The basic premise of Inky is to make the email client less visually fatiguing and much more aware of what messages — especially common ones like daily deals, social invitations, etc. — are actually about. Dave Baggett, the Founder of Inky, shared with Startups.fm on how Inky is the new age email client, helping people keeping their inboxes clutter free.
Inky runs on Windows and OS X now; a Linux version is coming soon. iOS and Android versions are also in the works. We intend Inky to run on “all screens”.
Inky is smarter, simpler and safer
By smarter, we mean that it should know what your messages mean, and how important they are to you. So in Inky, we have made it possible to sort by relevance. As Google showed with search in 1998, showing the most relevant results higher on the page qualitatively improves the user experience. Inky also puts common kinds of emails like daily deals and social notifications in special “smart views”.
By simpler, we mean that legacy email readers have far too many controls and too much clutter. With Inky, we always ask ourselves if a control is truly necessary — can we remove or simplify further? We believe simplicity is both functional and beautiful.
By safer, we mean that the mail program should better protect the user from harm. So with Inky, we guard against phishing attacks and use the highest level of encryption the mail server will support. And we’ve architected the system to preserve users’ privacy. The way Inky is set up, we can’t get access to users’ messages — by design.
While there are apps like Sparrow or even iCloud, Dave says ,”Well, for one thing, those apps both target the Apple ecosystem alone; we’re aiming to make Inky work on all screens and across ecosystems. So, e.g., you will be able to run Inky on your OS X MacBook Pro and your Android phone, and they will interoperate seamlessly.”
Their “smart, simple, safe” mantra also highlights two other differences as Dave mentions: “we want Inky to understand your messages, not just sort and filter them. We’re pushing the envelope on what’s possible with machine learning and natural language techniques, to make Inky much more like a person helping you get organized and less like a dumb computer program. We also guard users’ privacy. All the mainstream cloud-based email providers have access to your emails; with Inky, your emails never touch our network or servers, and our employees can never read your email. We think that’s an important difference.”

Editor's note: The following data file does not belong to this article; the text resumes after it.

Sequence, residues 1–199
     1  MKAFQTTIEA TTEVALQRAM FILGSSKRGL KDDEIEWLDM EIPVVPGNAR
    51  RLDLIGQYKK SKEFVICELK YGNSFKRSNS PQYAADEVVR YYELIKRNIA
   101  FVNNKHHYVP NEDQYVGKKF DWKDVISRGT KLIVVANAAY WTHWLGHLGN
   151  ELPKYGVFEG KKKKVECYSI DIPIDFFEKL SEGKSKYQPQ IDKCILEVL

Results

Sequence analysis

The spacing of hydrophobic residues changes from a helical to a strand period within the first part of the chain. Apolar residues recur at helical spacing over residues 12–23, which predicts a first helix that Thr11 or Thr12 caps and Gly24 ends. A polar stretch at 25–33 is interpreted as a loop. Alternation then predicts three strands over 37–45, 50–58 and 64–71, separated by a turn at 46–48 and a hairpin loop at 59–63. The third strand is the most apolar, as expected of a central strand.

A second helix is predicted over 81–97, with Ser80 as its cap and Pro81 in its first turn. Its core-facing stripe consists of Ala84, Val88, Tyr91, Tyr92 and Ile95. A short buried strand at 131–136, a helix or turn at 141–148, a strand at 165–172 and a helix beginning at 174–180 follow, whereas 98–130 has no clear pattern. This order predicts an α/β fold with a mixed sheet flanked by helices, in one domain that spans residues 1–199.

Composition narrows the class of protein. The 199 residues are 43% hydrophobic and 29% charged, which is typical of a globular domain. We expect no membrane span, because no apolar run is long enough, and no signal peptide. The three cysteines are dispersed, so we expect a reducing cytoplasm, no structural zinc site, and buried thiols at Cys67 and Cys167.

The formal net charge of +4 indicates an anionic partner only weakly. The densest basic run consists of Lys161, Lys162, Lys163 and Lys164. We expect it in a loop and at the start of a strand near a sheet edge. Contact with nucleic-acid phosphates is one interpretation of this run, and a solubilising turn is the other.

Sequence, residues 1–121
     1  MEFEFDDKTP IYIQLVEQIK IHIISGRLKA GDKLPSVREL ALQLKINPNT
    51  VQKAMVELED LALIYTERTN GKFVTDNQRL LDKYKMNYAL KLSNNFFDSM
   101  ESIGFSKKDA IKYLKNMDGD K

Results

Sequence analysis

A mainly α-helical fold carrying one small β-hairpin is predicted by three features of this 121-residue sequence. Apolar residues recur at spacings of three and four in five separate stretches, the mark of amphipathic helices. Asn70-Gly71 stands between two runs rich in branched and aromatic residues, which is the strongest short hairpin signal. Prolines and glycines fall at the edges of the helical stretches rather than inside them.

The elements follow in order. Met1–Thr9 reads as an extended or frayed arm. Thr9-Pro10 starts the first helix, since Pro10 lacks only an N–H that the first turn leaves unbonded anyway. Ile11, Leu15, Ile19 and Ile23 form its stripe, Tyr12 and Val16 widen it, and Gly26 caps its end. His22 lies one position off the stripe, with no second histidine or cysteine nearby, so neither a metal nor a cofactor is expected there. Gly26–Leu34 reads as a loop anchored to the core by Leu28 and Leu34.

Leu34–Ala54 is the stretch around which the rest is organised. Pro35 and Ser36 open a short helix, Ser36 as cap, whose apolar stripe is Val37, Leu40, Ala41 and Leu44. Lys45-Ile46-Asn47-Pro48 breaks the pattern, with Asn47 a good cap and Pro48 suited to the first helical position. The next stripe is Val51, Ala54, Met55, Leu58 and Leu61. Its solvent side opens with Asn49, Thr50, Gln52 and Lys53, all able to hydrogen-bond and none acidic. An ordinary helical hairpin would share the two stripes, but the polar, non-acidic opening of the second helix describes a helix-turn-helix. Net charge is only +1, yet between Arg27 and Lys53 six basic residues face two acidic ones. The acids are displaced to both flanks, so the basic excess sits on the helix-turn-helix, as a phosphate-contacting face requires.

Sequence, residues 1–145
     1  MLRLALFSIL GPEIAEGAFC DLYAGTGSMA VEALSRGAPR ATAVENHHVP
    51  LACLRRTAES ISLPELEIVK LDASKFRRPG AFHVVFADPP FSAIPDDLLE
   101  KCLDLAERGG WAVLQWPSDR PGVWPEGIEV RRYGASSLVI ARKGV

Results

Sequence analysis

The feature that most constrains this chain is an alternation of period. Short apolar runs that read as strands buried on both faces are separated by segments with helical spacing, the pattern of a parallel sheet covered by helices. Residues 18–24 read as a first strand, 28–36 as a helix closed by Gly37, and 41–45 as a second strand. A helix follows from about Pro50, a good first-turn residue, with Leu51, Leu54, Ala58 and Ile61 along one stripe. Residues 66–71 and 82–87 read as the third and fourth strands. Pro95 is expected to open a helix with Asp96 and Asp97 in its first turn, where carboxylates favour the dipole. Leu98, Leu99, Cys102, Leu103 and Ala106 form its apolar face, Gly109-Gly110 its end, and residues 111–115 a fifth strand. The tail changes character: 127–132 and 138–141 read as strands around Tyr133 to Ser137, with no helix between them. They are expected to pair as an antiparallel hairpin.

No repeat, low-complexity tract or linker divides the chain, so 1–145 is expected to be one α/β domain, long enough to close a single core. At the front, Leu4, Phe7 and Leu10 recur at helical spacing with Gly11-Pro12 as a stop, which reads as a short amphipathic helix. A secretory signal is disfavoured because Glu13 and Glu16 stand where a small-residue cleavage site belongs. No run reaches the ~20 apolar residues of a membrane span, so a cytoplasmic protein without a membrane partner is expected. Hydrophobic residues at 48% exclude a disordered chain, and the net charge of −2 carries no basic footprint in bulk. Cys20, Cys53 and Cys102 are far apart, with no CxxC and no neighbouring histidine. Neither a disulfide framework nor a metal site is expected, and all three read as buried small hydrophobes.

Easy to set up and use
Yes they’ve made “onboarding” a priority with Inky. The idea is that instead of typing in server names, ports, and other gibberish, you just tell Inky your email address and password, and Inky figures out the rest “automagically”. Inky is still working out some of the kinks with this — it’s much harder than it looks — but they will soon be at the point where almost no one has to know what their mail servers are any more.
Reaching out to users
So far Inky has been spreading primarily by word-of-mouth. Dave says, “We’re still in beta, fixing bugs, and we’re adding users “organically,” day-by-day. The target market is the 3B+ people on Earth who use email. We feel consumer email is an underserved but incredibly important market.”
On starting up Inky
Inky is built with love by Arcode founded by Dave and privately held company in Bethesda. Dave started the company in 2008. He says, “I had been bothered by the lack of innovation in the email client space for many, many years, and finally decided it was time to do something about it. Our team consists of programmers, machine learning experts, designers, and other technical staff, as well as the typical kinds of support roles in finance, etc. that you’d expect.I sold my last company (ITA Software) to Google in 2010, and have been self-funding Inky partly using the proceeds from that liquidity event. At this point Inky is entirely self-funded.”
Looking at the future
Dave finally winds up saying, “We’d like to get millions of people using Inky on all their devices. We obviously have a ways to go — we’ll add chat, calendar, contacts import, etc. soon — but we feel like the design direction we’re headed in is a compelling one, and are hearing that loud and clear from our early adopters as well.”